Bipartisan Commission Launched to Investigate Housing Discrimination in America

Media 07.15,08

WASHINGTON, DC – A national commission, co-chaired by two former Department of Housing and Urban Development Secretaries – Jack Kemp and Henry Cisneros – today kicked off its cross-country investigation into the alarming state of U.S. housing in the wake of the subprime housing debacle.

“Rampant discrimination played a significant role in the unraveling of the American dream for many families and we will document that discrimination as a first step toward reinvigorating a national housing policy,” said Kemp.

The bipartisan commission – hosted by the Leadership Conference on Civil Rights Education Fund, Lawyers’ Committee for Civil Rights Under Law, NAACP Legal Defense & Educational Fund, National Fair Housing Alliance – held its first regional hearing in Chicago today and will hold additional hearings in Los Angeles, Boston, Atlanta, and Houston.

The hearings are expected to draw hundreds of housing advocates and residents who will testify to the nature and extent of illegal housing discrimination, its origins, its connection with government policy and practice, and its effect on communities across the nation. This year marks the 40th anniversary of the Fair Housing Act, also known as Title VII of the Civil Rights Act of 1968.

“I believe it is a crucial component of this commission to consider our government’s role in the continuing state of housing inequality and the reforms necessary to ensure its vigorous enforcement of the law,” said the Honorable Henry Cisneros. “I am honored to be part of this historic commission to examine the state of fair housing in our nation.”

The findings and recommendations to strengthen housing laws will be part of a comprehensive report to be released in December.

The day-long hearings will cover many subjects but will highlight regional challenges, for example:

  • Chicago, July 15:  The Impacts of Urban Revitalization
  • Houston, July 31: The Re-Segregation on the Gulf Coast in the Aftermath of Hurricane Katrina
  • Los Angeles, September 9: The Foreclosure Crisis
  • Boston, September 22: The Effects of Housing Discrimination on Education and Children  
  • Atlanta, October 17: Federal Accountability and Enforcement of  Fair Housing Laws

In addition to co-chairs Henry Cisneros and Jack Kemp, the National Commission will include Pat Combs, former President of the National Association of Realtors; Okianer Christian Dark, Associate Dean for Academic Affairs at the Howard University College of Law; I. King Jordan, President-Emeritus of Gallaudet University; Myron Orfield, Professor at the University of Minnesota School of Law; and Gordon Quan, former Mayor Pro Tem and Chair of the Housing Committee for the City of Houston.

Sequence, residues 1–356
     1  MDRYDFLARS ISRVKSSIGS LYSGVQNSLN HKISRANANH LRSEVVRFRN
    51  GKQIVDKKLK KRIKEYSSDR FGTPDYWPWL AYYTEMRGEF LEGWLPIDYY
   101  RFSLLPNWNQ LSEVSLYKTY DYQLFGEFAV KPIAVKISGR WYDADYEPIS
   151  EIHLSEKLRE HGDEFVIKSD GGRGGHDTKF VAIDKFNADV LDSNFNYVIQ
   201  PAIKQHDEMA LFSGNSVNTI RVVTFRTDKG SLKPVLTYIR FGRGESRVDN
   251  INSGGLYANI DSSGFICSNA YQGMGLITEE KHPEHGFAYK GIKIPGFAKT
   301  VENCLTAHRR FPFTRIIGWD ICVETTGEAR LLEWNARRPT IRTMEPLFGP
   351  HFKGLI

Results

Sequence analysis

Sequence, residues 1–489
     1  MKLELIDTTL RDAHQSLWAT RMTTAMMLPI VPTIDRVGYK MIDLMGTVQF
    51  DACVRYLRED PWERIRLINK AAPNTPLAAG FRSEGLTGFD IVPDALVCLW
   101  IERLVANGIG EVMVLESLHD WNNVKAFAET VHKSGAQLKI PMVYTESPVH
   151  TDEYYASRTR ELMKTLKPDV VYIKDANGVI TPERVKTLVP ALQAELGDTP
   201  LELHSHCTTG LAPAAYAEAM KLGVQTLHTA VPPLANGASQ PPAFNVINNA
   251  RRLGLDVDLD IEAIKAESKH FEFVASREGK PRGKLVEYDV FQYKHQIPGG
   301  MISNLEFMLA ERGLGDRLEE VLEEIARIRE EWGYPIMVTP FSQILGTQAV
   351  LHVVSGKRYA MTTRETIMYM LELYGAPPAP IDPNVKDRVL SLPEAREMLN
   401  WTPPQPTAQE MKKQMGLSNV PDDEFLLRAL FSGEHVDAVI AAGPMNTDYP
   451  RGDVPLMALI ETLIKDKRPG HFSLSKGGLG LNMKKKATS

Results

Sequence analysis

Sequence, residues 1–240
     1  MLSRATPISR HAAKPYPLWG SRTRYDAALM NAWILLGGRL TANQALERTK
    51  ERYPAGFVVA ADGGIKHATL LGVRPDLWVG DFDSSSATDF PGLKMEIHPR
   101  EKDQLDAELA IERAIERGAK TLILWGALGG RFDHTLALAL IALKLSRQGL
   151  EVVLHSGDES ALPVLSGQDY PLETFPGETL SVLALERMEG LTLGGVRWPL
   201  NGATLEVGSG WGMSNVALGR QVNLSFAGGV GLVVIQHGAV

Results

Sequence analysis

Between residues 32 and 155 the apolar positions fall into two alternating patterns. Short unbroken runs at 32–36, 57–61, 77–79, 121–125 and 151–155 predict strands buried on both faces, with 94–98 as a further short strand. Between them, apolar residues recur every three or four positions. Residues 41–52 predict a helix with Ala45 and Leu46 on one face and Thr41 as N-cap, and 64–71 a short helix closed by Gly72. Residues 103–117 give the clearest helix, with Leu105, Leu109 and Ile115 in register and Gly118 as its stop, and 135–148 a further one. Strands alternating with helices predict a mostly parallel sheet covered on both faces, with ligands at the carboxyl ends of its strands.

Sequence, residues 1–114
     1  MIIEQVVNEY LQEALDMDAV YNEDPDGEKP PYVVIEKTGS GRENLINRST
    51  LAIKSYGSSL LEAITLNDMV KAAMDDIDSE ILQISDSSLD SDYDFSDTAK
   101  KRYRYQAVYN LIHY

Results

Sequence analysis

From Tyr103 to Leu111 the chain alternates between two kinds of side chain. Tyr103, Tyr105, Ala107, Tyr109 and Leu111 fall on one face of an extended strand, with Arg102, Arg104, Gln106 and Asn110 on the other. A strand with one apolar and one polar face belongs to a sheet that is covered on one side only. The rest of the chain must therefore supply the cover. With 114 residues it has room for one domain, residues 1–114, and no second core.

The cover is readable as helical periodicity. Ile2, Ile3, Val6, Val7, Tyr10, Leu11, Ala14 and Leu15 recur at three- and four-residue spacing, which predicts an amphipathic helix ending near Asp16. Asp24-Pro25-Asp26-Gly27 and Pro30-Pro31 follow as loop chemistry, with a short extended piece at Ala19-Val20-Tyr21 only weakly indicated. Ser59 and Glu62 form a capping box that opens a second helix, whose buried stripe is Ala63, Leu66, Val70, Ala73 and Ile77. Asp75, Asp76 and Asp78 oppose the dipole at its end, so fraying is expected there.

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“We are holding hearings in five cities, but the housing challenges faced in these places represent the challenges faced by communities and families across the country. Housing goes far deeper than four walls — it can determine where we go to school, where we work, and too often, our access opportunity.
Leadership Conference on Civil Rights President Wade Henderson

“The fortieth anniversary of the Fair Housing Act is an especially appropriate time to examine the state of fair housing enforcement and the progress, or lack thereof, in reducing residential segregation and to develop viable solutions for all Americans.  Moreover, in the midst of the most serious foreclosure crisis since the Great Depression which is falling most heavily on minority homeowners, such a Commission is critical.”
Lawyers’ Committee for Civil Rights Under Law Executive Director Barbara Arnwine

“The National Commission comes at a critical time.  Residential segregation persists throughout the country despite forty years with a fair housing law.  Segregated housing is a root cause of inequality in education and employment.  A comprehensive examination of the roles of the housing industry and all levels of government in perpetuating the problem should be welcomed by all.”
NAACP Legal Defense & Educational Fund, Inc. President and Director-Counsel John Payton

“Forty years after passage of the Fair Housing Act, our country is still confronted annually with millions of incidents of housing, lending and insurance discrimination which foster segregation in neighborhoods across America,” said Shanna Smith, President and CEO of the National Fair Housing Alliance.  “HUD and DOJ are charged with enforcing the Fair Housing Act, but my experience over 33 years in the field is that, overall, HUD and DOJ are inconsistent and ineffective in its duty.  We look forward to this Commission’s examination of the origins, current extent and effects of housing discrimination and how our nation’s fair housing policy to eliminate discrimination and promote neighborhood diversity can be realized.”
National Fair Housing Alliance President Shanna Smith